For months, Bush administration officials have been saying they intend to restore discipline to the nation's banking system by making shareholders, bondholders and large depositors more responsible for the safety of their own investments rather than having government bail them out.

But yesterday, bank regulators were forced to ignore their own prescriptions whenthey granted various waivers allowing Maryland National and American Security banks to lend $271 million to their parent company, MNC Financial Inc., to keep it from going broke.

The decision contradicts recommendations that Treasury officials have been making about how to cut the cost of bank failures and limit the scope of deposit insurance. That effort has also been endorsed by the leaders of the congressional banking committees as well as the Federal Reserve Board, the Office of the Comptroller of the Currency and the Federal Deposit Insurance Corp., the very agencies that made the decision to make an exception yesterday in the case of MNC.

Such are the dilemmas that now face the administration as it tries to simultaneously patch up the banking system and change its course. In this case, as in so many others, given a choice between what they say ought to be done when big banks get in trouble and what had to be done to shore up confidence in the banking system, the regulators opted to bend their rules and save the banks from failure.

MNC has used a loan from its banks to pay creditors who otherwise could have forced the holding company into bankruptcy. If those loans are repaid -- as regulators and bank officials assure that they will be -- then the story will end happily for all parties. If MNC cannot repay the loan, then the cost is likely to be borne by the government's dwindling deposit insurance fund, or even by taxpayers.

But not allowing the loan would also have had its costs. When a bank holding company goes bankrupt, it is usually just a matter of time before its banks fail, forcing the bank insurance fund, the FDIC, to step in to protect depositors.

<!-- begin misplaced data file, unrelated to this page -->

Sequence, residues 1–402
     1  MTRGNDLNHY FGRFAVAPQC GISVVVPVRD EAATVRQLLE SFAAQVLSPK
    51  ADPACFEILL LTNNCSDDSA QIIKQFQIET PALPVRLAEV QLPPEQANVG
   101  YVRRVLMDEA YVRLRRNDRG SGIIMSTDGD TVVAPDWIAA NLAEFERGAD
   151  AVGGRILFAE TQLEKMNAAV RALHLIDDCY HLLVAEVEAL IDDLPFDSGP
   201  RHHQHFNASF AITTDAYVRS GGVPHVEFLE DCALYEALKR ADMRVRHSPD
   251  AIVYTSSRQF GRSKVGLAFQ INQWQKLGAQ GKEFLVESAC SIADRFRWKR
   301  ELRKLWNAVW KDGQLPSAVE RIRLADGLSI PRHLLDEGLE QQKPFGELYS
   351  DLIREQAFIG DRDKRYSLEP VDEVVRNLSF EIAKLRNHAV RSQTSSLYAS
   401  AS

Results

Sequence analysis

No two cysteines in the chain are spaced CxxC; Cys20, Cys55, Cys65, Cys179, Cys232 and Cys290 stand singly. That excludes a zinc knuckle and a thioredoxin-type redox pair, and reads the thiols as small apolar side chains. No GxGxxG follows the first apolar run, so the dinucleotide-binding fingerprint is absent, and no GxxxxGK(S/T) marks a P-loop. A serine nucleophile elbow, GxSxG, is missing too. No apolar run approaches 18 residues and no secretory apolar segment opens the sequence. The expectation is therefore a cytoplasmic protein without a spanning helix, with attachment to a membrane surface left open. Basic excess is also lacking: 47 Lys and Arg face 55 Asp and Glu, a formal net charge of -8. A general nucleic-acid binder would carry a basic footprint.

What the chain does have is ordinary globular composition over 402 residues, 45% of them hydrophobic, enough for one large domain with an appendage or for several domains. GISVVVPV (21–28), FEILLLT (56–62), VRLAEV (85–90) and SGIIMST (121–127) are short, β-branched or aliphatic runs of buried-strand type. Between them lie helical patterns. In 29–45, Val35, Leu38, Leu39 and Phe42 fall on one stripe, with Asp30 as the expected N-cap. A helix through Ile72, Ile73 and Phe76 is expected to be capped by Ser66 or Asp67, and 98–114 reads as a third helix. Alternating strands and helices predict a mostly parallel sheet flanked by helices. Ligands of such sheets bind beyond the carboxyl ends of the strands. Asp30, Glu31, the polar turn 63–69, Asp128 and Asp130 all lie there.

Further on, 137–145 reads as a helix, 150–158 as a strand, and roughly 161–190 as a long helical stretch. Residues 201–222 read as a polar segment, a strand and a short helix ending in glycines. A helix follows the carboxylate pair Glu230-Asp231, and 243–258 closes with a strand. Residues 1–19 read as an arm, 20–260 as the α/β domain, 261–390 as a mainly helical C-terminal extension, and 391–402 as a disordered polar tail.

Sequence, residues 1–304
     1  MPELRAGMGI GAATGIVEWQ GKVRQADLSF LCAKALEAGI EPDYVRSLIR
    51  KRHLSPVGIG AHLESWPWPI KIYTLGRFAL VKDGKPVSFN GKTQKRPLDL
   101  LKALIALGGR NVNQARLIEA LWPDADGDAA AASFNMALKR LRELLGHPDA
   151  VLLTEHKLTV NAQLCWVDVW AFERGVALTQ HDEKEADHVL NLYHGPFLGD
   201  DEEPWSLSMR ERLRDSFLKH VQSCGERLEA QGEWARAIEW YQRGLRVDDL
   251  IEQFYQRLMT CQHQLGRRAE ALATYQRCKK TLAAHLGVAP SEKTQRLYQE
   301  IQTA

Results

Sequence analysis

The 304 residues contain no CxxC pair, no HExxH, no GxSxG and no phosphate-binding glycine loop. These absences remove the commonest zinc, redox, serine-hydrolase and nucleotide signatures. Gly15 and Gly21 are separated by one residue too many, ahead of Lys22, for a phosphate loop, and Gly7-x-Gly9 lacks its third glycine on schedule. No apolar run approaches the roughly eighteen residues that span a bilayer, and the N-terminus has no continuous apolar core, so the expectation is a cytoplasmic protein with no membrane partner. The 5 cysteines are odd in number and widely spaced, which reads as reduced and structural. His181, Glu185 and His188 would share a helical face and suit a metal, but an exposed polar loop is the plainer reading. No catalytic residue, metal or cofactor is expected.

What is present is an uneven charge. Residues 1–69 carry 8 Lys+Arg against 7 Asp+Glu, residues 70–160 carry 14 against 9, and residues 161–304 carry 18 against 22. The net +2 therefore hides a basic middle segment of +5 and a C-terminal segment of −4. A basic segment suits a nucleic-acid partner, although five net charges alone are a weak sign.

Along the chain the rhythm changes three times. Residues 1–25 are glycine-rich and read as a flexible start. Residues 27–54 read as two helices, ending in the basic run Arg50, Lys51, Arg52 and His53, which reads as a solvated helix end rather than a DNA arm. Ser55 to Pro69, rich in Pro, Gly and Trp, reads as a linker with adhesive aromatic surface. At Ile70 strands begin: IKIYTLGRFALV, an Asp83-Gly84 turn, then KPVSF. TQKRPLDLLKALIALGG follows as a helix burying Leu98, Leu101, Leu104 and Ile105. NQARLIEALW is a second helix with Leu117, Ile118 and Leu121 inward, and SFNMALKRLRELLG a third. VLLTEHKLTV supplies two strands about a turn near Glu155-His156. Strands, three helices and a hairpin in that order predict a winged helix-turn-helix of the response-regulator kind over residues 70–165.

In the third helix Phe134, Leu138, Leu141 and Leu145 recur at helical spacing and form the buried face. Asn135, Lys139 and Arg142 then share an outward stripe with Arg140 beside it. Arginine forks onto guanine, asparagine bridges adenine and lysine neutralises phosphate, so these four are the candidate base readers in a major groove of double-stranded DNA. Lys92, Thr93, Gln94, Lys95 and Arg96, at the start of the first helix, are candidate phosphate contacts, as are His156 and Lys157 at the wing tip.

The MNC decision is the latest example of inconsistent regulatory actions that have set off a clamor in Congress to reform the deposit insurance system.

In the last few weeks, regulators have decided to extend government insurance to depositors with accounts above the $100,000 insurance limit at the now-failed Bank of New England in Boston. But yesterday, the FDIC reaffirmed its decision not to protect depositors with more than $100,000 at Freedom National Bank -- a much smaller black-owned bank in New York's Harlem section -- saying there was no legal basis to do so.

"We want the public to know that the FDIC can only administer the laws, not make the laws," said FDIC Chairman L. William Seidman. "The {FDIC} board also agreed that the application of existing law sometimes results in inequitable treatment of uninsured depositors in small failed banks compared to those in large failed banks."

The Freedom National case has already set off a firestorm in Congress and yesterday it appeared that the MNC matter might add to the controversy. Congressional banking leaders were preoccupied with events in the Persian Gulf, but staff members were dismayed and private banking experts highly dubious about the decision.

"It's yet another example of the inconsistencies that occur when federal policy is driven by crisis," said Karen Shaw, president of the Institute for Strategy Development, a Washington firm that tracks banking issues.

Shaw and Robert Feinberg, an industry consultant, said they believe regulators are contradicting their own policies because they don't dare let another big bank fail so soon after the collapse of Bank of New England only 10 days ago.

"It shows they don't have a policy," said Feinberg. "They make it up as they go along."